Will the GOP finally wake up to the threat from within? I think D’Souza was utterly correct. It’s because of these sick, twisted freaks that we are so reviled in the Muslim world to begin with. Moderate Muslims (of which there were very, very few) have to know that we don’t stand for these things, that’s not our culture. Homosexuality, abortion, etc… – these are things that stand in stark contrast to American values and traditionalism. Once the GOP finally clears itself of RINO and fields a candidate willing to support traditional values, from limiting abortion to reanacting sodomy laws designed to protect the public from perverts, the GOP will regain its footing politically and decimate the Democrat party.

    [GP Ed. Note - I nearly "spammed" this comment. But it is important to see this kind of belief stated. Many Americans -- not just conservatives but many liberals -- feel this way for whatever reasons. It is something our community has to grapple with -- and hasn't done a good job doing.]

    Comment by Jacob — June 15, 2007 @ 3:06 pm - June 15, 2007

  21. The will of the people has been served through their democratically elected representatives. In the last election, a few of the supporters of the ban were defeated at the polls, then some more changed their mind and that’s why it didn’t get the required votes to pass this time. Ballot referendum is not the only way to have legitimacy on an issue. When you get 75% of the legislature to support any position, that’s damn near a consensus. It’s just counterproductive to argue against the strategy here. This was not some 101-99 vote. It was somewhat close for the threshold they needed to receive, but when you can’t 25% of the legislature to support your issue, you don’t deserve a ballot referendum! Please.

    Comment by Chase — June 15, 2007 @ 5:29 pm - June 15, 2007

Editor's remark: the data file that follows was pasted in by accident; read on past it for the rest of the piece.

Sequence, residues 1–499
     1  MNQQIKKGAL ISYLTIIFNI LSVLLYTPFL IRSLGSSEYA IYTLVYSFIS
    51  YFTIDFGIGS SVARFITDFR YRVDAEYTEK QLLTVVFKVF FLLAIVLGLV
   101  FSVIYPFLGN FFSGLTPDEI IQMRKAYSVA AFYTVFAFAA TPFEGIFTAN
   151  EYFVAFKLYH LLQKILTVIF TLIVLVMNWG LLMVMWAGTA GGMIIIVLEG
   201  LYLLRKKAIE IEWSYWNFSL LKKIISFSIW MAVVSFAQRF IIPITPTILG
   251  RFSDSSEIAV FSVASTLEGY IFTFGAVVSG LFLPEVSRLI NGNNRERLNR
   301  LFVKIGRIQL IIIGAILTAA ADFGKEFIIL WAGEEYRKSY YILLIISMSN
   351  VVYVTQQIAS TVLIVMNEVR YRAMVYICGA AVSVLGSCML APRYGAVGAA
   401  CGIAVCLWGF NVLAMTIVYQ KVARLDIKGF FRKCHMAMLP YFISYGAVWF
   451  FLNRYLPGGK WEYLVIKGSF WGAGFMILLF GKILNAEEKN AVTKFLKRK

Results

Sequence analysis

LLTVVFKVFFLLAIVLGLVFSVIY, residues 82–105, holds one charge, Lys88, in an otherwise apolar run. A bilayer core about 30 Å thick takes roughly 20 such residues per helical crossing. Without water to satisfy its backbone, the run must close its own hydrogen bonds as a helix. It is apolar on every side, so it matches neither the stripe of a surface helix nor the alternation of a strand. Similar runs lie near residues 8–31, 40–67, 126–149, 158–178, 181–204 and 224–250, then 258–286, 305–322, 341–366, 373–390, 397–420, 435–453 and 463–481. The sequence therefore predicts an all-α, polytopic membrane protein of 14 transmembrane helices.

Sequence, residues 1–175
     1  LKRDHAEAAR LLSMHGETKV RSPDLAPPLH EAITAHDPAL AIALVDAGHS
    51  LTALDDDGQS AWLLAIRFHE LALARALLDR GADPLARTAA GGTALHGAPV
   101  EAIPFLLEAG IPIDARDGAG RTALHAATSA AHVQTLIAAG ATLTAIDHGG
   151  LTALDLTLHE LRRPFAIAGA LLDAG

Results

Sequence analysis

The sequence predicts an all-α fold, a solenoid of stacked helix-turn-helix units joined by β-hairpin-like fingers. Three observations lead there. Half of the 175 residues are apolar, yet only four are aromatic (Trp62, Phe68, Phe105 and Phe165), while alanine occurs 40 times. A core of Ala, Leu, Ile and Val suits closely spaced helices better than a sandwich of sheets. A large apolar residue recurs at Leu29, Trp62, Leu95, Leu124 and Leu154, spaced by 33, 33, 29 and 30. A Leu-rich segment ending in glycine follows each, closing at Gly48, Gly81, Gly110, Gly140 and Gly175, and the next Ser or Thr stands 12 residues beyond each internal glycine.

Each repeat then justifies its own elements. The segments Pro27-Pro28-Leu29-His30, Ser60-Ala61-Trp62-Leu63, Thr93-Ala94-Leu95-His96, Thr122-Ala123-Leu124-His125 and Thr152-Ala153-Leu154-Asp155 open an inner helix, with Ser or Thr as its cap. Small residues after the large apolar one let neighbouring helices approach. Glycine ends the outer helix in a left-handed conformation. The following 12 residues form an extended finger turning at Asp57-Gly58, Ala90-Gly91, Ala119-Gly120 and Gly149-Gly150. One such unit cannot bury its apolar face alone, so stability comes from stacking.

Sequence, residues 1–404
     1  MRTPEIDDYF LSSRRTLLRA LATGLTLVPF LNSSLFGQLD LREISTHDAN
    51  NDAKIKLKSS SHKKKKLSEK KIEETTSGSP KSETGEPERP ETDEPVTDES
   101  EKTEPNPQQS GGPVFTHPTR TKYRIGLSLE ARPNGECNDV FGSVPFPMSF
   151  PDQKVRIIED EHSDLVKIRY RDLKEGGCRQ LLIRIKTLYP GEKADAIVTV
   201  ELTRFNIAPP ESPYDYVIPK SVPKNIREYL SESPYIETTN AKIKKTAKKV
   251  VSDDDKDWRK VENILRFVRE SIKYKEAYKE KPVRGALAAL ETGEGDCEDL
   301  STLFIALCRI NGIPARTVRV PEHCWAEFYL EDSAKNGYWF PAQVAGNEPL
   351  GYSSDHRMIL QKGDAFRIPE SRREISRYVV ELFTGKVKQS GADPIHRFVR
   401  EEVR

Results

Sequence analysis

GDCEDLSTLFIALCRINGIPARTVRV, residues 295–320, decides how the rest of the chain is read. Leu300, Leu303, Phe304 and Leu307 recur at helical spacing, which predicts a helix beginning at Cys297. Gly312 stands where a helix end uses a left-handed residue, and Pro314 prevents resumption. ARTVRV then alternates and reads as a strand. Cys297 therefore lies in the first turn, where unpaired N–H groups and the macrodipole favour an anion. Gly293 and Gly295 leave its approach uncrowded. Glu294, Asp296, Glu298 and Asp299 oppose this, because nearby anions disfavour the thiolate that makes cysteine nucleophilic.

22. “Further: In the real world, we use popular vote to determine the standing of minority groups all the time….Take murderers. They’re a group. Hopefully a minority. Popular vote (or legislative process)… determined their standing….Take our soldiers in Iraq. Popular vote (or legislative process) determines their standing…”

    To prove your point, ILoveCapitalism, you equate popular vote with legislative process. Is it not true, that this issue in MA was decided by legislative process? By legislative process we determine the standing of murderers. By legislative process we determine the standing of our soldiers in Iraq. And by legislative process MA has determined the issue of gay marriage will not be on their 2008 ballot. Where then is the dictatorship?

    Comment by Cecil — June 15, 2007 @ 7:07 pm - June 15, 2007

  23. Jacob is right except for one thing: the “homofascists” are in the DNC.

    Regards,
    Peter H.

    Comment by Peter Hughes — June 16, 2007 @ 3:56 pm - June 16, 2007

  24. My Gay Pride…

    Are we supposed to be proud of our “victory” in Massachusetts, a so-called “victory” that looks an awful lot like defeat for the democratic process? Are we supposed to be proud that the gay community’s leaders would rather force same-sex marriage …

    Trackback by Reality Mugged Me — June 16, 2007 @ 6:40 pm - June 16, 2007

  25. The MA legislature had a chance to say, “We’ll let the people vote on this. Under the MA constitutional procedure, we cannot vote on this – but we can still let the people.” They punted. They voted against democracy.

    In one sense: good. This country isn’t a democracy and never has been. I doubt you or I would truly like what the results would be if the USA really were a democracy. No, this is a Republic and it is through our legislatures that the wishes of the People are expressed, with the Courts there to put a stop to the majority running roughshod in all things over the minority. Is our system perfect? Absolutely not. It’s quite messy, contradictory, maddening at times, etc. Look at another recent example: the immigration bill. Many people here, myself included, were quite pleased that a minority of Senators were able to block its passage (for now at least). This was done not by a vote, or even the expressed desire of the People (unless you want to give polls more credibility than conservatives usually do), by by a parliamentary procedure in the rules. Should we be equally outraged by this and condemn those Senators which have blocked “democracy”?

    Comment by John — June 17, 2007 @ 4:46 pm - June 17, 2007

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    Comment by ADDINFENE — October 8, 2007 @ 2:26 am - October 8, 2007